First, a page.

Farrell’s great hands facilitated Jacob Stockdale’s first try and he also put in some thumping tackles. Argentina only scored one try – it came from a grubber kick in behind – while Sexton, Aki and Farrell were in harness, prior to the latter’s departure, a heartening statistic facing into matches against Wales, Scotland and England.

Leinster centre and hitherto first choice Ireland 13 Garry Ringrose is still a little bit away from returning to the Test arena – the Scottish and English games look a realistic proposal – and he will need matches with Leinster to sharpen his game.

The number 13 has certainly been unlucky for those who wear it when considering the injury issues suffered by Luke Marshall (Ulster), Ringrose, Farrell and Henshaw at club and national level this season.

Rob Kearney will have a big role to play should Farrell indeed be chosen at 13; the fullback’s experience and communication skills in defence will be important on the day.

Chris Farrell is likely to take the number 13 jersey against Wales. Photograph: Morgan Treacy/Inpho
Chris Farrell is likely to take the number 13 jersey against Wales. Photograph: Morgan Treacy/Inpho

LINEOUT BACK AS AN ATTACKING FULCRUM

There was nothing wrong with the lineout figures in Paris, winning 13 from 14, but it slightly camouflaged the fact that what is normally a central tenet of Ireland’s attacking playbook was largely blunted by France.

Its effectiveness was restored against Italy offering a direct provision for tries by Henshaw, Aki and captain Rory Best and indirectly for Jacob Stockdale’s first score. But is also gave Ireland momentum as demonstrated in several mauls that ate up the metres, forced the Italians to try and stop it illegally and sucked in defenders providing space in the backline for the home side to exploit; they did so effectively.

The Irish lineout even borrowed a Munster variation when Best hit Conor Murray in what should have been a front peel but the scrumhalf’s delivery wasn’t as silky smooth as his passing and the opportunity went abegging, albeit that Ireland ended up with the penalty.

Conor Murray is used as a lineout jumper against Italy. Photograph: Ryan Byrne/Inpho
Conor Murray is used as a lineout jumper against Italy. Photograph: Ryan Byrne/Inpho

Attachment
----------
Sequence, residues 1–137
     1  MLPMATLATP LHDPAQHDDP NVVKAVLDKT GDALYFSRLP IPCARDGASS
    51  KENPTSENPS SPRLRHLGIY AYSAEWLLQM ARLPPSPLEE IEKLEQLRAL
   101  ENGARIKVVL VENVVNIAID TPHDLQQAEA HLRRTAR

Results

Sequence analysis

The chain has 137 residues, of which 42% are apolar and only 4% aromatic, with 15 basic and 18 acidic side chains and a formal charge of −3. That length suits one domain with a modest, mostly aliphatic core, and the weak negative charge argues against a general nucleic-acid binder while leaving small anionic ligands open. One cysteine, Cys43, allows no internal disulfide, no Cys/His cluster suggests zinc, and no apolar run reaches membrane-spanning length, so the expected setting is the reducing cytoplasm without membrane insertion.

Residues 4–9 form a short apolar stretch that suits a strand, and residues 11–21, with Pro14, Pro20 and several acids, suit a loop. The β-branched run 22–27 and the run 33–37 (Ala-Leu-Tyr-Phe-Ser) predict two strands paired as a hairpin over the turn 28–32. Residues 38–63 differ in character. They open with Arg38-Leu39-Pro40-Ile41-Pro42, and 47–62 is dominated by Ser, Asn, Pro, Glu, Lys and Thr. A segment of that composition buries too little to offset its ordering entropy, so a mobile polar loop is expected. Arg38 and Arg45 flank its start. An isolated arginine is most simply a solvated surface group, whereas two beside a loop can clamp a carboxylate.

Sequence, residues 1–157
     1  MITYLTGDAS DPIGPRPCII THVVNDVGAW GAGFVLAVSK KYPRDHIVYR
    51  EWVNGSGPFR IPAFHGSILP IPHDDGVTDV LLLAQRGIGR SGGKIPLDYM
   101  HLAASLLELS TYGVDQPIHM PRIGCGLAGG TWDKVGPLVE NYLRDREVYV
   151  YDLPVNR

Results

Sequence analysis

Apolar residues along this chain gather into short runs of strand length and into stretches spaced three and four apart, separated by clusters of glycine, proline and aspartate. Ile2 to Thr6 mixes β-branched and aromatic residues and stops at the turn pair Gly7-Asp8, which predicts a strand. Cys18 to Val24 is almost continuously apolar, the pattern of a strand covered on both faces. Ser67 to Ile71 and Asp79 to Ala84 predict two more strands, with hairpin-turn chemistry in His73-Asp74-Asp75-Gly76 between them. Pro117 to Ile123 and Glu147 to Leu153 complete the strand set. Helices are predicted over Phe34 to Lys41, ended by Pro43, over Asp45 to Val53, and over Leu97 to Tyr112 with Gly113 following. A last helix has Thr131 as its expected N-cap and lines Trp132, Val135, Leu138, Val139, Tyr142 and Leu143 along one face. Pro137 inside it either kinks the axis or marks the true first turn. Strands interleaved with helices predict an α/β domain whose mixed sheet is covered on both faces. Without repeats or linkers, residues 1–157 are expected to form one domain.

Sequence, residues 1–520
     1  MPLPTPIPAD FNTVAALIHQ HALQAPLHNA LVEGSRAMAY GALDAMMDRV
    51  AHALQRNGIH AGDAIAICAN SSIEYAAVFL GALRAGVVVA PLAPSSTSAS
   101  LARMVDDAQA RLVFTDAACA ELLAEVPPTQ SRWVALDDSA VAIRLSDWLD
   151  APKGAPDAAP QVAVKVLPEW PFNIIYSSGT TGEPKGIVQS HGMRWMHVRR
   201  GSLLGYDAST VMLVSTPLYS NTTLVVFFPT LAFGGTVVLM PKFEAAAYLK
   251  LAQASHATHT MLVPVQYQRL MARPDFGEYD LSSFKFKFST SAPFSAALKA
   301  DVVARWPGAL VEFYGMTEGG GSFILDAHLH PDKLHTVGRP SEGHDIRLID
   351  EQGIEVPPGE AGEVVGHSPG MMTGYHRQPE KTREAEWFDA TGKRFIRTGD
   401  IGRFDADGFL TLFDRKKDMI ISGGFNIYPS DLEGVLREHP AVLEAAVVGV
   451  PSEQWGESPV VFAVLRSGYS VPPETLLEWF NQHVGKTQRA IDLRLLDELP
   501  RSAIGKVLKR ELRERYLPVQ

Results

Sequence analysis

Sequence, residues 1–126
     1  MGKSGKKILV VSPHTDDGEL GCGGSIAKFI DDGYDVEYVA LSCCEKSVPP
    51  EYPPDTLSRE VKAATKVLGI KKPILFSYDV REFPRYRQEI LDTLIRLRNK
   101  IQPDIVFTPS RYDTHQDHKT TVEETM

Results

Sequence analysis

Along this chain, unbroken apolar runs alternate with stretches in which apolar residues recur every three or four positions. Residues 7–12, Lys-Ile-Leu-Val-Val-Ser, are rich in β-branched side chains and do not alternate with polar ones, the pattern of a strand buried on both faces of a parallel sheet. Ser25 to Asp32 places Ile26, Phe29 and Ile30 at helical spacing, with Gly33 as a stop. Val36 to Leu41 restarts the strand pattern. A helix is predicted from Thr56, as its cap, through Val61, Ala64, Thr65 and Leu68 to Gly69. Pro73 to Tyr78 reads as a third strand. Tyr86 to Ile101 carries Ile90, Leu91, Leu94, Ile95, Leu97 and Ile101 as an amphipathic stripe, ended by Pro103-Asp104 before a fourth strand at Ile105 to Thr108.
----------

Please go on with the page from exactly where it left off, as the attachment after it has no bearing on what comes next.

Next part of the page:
DIFFERENT STYLE ADDING VALUE TO THE COLLECTIVE

It was interesting to appreciate the different styles of Jack Conan and CJ Stander as they each took the number eight duties for half a game. The challenge for Conan has been to provide an option in the lineout (he did) and also work harder in defence to make his tackles (he led the individual tackle count for Ireland in the first half with six), so that these would complement his ball carrying skills.

He demonstrated a clever running line to preserve the space on the outside and lovely hands for Murray’s try. Stander was more direct in his carrying getting through his usual massive workload on both sides of the ball. The two players gave Ireland coach Joe Schmidt a little bit to think about ahead of the Wales game.

Ireland’s Jack Conan carries against Italy. Photograph: Brian Lawless/Inpho
Ireland’s Jack Conan carries against Italy. Photograph: Brian Lawless/Inpho

LAPSES IN DEFENCE

Defence coach Andy Farrell will be disappointed at the nature of the tries that Ireland conceded, a lack of communication and perhaps hustle from Dan Leavy and Jacob Stockdale and a soft chase on Joey Carbery’s long kick and debutant Jordan Larmour caught on his heels and stationary for Italy’s second.

Ireland had sufficient numbers to defend the Matteo Minozzi’s try but misread the play and didn’t bring enough energy to the line speed that would have at least tested Italy’s handling. The nature of the Irish defence for three quarters of the game, structure, discipline and aggression was excellent but the drop off in the final quarter will rankle.  

Matteo Minozzi scores ahead of Jordan Larmous. Photograph: Tommy Dickson/Inpho
Matteo Minozzi scores ahead of Jordan Larmous. Photograph: Tommy Dickson/Inpho